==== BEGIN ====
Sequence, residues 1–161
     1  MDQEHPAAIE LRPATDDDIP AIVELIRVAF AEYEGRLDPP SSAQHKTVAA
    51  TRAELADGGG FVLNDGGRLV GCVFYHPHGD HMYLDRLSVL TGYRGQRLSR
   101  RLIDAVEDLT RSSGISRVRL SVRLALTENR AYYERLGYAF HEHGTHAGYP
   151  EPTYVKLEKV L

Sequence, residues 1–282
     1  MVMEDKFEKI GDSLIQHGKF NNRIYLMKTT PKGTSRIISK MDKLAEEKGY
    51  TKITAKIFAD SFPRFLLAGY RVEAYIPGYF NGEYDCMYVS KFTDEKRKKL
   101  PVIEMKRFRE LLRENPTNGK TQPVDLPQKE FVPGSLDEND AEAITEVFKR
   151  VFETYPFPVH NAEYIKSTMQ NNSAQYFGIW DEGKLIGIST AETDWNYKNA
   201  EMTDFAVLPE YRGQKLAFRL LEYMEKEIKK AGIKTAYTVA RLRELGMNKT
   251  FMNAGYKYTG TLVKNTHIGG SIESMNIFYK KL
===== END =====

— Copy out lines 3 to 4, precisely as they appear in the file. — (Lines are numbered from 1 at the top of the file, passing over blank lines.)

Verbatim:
    51  TRAELADGGG FVLNDGGRLV GCVFYHPHGD HMYLDRLSVL TGYRGQRLSR
   101  RLIDAVEDLT RSSGISRVRL SVRLALTENR AYYERLGYAF HEHGTHAGYP